NEW YORK - APRIL 28:  Singer John Trudell Performs During The Tribeca Film Festival Music Panel At The ASCAP Lounge. The ASCAP Music Lounge Is Dedicated To Showcasing The Exceptional Talent Of New Top Emerging Artists At The Knitting Factory April 28 2005 In New York City.  (Photo By Bryan Bedder/Getty Images)


December 8, 2015


American poet, musician, author, actor, and political activist John Trudell died today, Tuesday, December 8, 2015, at his home in Santa Clara County in Northern California, at the age of 69. He was a Santee Sioux who became the spokesperson for the United Indians of All Tribesoccupation of Alcatraz from 1969 to 1971, broadcasting as Radio Free Alcatraz. During most of the 1970s, he served as the chairman of the American Indian Movement. In February 1979, he lost his then pregnant wife, three children and mother in law in a suspicious fire. Soon after that he immersed himself in writing and also became interested in music after meeting musician and activist Jackson Browne. In his work, he often combined spoken word with music. Of his poetry he said:  “They’re called poems, but in reality they’re lines given to me to hang on to.” His poems served as lyrics for his songs which combined traditional American Indian music, blues and rock.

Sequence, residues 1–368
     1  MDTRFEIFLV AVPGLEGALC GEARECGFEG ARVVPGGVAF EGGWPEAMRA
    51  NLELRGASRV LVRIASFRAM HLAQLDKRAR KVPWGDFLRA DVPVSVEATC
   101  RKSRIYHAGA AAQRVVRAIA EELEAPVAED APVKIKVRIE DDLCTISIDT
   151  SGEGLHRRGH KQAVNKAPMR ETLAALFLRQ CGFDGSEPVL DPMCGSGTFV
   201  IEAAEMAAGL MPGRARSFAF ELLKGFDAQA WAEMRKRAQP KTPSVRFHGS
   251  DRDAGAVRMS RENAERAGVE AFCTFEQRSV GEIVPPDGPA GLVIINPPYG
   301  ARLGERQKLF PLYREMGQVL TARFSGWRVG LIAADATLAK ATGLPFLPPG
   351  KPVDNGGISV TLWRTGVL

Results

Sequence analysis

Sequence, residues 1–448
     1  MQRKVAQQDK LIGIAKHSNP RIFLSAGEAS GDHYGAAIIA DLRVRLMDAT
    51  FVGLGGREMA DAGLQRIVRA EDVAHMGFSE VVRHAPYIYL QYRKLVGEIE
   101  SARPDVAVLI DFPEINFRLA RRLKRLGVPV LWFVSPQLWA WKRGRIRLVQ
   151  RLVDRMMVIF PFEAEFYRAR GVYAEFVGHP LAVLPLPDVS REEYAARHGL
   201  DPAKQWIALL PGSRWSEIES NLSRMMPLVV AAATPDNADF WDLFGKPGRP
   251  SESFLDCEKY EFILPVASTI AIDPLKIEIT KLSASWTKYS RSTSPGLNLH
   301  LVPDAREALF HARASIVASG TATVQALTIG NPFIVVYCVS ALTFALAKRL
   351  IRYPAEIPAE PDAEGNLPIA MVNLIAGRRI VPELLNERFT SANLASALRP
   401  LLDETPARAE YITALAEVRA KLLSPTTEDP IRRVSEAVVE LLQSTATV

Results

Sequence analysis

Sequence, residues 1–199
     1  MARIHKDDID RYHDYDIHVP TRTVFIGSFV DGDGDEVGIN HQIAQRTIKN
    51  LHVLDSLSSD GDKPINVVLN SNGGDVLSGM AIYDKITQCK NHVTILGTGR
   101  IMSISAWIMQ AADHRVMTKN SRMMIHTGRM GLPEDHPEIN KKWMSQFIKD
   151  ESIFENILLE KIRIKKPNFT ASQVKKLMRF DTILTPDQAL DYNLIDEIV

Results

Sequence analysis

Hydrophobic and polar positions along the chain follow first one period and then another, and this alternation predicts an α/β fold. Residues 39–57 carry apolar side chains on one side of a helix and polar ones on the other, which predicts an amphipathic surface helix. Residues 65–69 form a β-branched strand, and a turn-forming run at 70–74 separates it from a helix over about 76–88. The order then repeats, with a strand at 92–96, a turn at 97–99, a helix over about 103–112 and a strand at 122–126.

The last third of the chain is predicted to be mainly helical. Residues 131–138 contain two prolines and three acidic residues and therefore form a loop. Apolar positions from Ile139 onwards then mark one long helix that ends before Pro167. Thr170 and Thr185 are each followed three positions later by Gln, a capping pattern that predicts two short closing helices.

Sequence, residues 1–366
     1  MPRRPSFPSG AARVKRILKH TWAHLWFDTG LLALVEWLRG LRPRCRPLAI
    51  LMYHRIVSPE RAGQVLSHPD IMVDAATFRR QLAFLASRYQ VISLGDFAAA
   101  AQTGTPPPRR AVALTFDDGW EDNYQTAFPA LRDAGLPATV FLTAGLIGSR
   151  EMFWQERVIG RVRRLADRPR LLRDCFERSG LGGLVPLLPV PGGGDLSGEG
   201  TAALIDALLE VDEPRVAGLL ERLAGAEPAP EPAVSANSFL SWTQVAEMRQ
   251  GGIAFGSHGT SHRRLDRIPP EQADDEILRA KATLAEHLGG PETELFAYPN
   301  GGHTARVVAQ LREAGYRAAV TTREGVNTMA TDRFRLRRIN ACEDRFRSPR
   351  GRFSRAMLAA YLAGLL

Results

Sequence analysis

He never failed to address indigenous rights, and his concerts and public appearances were rife with political and social commentary with both insight and wit. He was a prolific poet, recorded 14 albums, the last one being Wazi’s Dream released in 2015, and appeared in a number of movies. Along with Willie Nelson, he co-founded Hempstead Project Heart, a national initiative that creates awareness of the many uses of hemp as a way of establishing a green economy in America.

He was an important voice not only for American Indians but for social justice and equality that resonated across the board, a voice that spoke for all of us.  He died after a long battle with cancer, surrounded by friends and family.

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